To Charles Sumner

22 April 1869


[Ms in Charles Sumner Papers, Harvard University, bMS Am 1, Vol. 92, No. 54.]


Charles Sumner (1811-1874) was a Massachusetts senator, and chairman of the Senate Committee on Foreign Affairs.


Oberlin College Ohio

22d April 1869.

Hon. Charles Sumner.

My Dear Sir,

I read your speech on the

Alabama Treaty with deep

interest, & also with much

regret. I consider the argument

conclusive, & put in the best

form & manner. In the

argument I was most

intensely interested.

But I much regretted that

you did not frankly confess

that at the time of the

recognition of beligerency

by England, & for some time

after, England was officially

assured that slavery would

remain intact at all events.

The almost insane course

of Mr. Lincoln & Mr Seward


misled not only England

but all Europe, upon the

question of the relation

of Slavery to the war.

I have just seen an article

in the Independent of this

date, by Mr. Garrison that so

fully expresses what I wanted

to say myself, that I beg leave

to call your attention to it.

Can you not do justice to the

English Nation & people on this

point, & in some way have

it accompany your speech.

I have been a good deal in England,

& during the war, assured my

friends on that side, by letter

that the destruction of Slavery

was designed by the Northern

peop[l]e, & was inevitable, whatever

Mr Lincoln & Seward might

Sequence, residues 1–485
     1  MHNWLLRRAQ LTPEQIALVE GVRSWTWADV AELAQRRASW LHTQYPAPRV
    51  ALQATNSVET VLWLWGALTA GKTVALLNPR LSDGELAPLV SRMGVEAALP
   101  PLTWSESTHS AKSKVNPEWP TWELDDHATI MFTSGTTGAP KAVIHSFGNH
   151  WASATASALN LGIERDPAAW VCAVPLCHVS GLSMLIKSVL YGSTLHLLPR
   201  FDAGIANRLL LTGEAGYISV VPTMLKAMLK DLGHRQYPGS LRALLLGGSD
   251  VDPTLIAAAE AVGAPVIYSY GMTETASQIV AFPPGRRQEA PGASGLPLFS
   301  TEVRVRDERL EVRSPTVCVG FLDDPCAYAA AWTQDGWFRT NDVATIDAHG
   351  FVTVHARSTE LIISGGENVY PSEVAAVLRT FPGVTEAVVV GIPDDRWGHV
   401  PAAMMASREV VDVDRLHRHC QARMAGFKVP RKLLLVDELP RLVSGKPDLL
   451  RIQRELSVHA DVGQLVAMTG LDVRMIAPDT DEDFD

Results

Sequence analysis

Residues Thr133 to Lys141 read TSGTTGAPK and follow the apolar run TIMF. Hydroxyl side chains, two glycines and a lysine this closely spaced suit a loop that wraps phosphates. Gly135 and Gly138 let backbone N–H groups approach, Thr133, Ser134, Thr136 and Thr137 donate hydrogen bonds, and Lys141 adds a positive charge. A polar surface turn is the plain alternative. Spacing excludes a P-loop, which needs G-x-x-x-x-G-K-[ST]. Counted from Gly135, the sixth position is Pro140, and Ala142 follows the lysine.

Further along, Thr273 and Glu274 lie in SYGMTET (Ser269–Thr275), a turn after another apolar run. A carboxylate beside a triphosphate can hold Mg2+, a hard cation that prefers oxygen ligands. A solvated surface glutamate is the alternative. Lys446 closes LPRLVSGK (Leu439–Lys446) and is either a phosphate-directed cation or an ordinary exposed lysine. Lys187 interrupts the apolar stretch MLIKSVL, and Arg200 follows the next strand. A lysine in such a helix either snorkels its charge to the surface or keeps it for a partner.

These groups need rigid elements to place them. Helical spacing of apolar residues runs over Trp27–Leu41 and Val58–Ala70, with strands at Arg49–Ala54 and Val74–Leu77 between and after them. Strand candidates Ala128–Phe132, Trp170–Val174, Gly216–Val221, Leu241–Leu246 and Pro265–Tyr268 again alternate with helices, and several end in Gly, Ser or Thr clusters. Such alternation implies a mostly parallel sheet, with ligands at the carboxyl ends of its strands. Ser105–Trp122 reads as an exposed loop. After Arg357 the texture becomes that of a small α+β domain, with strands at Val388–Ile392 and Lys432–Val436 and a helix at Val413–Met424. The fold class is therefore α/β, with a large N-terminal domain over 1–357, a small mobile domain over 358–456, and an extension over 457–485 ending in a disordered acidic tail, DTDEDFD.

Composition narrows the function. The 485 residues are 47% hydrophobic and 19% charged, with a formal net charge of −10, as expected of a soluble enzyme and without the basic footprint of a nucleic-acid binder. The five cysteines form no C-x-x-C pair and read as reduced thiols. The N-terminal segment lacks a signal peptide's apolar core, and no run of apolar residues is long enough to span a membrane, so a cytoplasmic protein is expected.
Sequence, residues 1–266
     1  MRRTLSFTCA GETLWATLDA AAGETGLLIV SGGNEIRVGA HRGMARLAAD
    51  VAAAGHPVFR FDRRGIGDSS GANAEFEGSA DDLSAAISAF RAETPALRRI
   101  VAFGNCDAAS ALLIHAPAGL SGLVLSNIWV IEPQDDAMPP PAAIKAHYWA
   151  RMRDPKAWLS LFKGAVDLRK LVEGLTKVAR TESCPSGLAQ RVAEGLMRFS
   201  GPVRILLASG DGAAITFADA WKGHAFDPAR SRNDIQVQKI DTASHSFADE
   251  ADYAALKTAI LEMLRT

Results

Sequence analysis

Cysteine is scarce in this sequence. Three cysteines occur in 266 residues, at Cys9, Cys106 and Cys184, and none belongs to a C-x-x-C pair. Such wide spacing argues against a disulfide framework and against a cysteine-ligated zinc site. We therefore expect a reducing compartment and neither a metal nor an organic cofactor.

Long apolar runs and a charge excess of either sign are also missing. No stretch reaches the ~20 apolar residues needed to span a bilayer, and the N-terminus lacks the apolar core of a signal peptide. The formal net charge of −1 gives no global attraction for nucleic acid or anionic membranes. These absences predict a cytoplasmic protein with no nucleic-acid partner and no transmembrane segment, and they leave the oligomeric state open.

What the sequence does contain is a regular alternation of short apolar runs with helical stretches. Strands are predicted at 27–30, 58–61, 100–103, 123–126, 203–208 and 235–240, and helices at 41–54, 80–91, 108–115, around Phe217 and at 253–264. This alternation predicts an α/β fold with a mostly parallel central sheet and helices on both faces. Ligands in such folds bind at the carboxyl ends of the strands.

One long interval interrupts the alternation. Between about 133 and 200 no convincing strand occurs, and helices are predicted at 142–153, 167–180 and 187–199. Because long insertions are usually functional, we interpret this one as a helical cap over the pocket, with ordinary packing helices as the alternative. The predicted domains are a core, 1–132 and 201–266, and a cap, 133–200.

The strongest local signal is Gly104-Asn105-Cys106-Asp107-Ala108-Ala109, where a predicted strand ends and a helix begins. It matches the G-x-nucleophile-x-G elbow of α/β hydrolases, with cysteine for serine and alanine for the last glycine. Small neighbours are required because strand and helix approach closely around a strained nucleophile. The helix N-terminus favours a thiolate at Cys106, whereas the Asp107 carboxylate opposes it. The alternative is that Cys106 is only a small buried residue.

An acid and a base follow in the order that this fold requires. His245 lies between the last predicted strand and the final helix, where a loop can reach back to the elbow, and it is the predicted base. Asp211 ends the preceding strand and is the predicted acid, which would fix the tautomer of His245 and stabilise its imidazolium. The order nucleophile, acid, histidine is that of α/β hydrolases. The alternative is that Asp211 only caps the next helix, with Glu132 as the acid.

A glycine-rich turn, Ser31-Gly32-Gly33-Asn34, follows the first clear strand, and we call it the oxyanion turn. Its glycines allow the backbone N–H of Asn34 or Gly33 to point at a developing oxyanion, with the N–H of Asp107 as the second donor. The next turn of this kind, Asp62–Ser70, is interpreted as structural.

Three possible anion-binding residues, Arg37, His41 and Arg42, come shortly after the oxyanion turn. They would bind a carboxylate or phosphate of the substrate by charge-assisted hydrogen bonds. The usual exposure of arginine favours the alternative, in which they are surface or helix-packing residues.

say. I have no doubt that

a paragraph added to your


speech doing justice to England

on this point, would do vast

good both in England & America.

God bless you evermore,

C. G. Finney



Sumner's speech, delivered in the Senate on April 13, 1869, was against the way, proposed by the Johnson-Clarendon Convention, for settling claims against England for damage to Union shipping caused by the Alabama and other British-built Confederate raiders during the Civil War. Sumner put the blame fully upon Britain for support given to the Confederate states. There were several editions of the speech published. See Our Claims on England. Speech of Hon. Charles Sumner, of Massachusetts, Delivered in Executive Session of the Senate ... (Washington: J. F. Rives, 1869)

"Our Relations with England" by William Lloyd Garrison in The Independent, April 22, 1869, p.1. Garrison pointed out that Sumner had incorrectly represented the Union as fighting the Civil War to free the Slaves, whereas Lincoln and Seward had in fact assured England that the slave system would remain intact and that the war was to save the Union.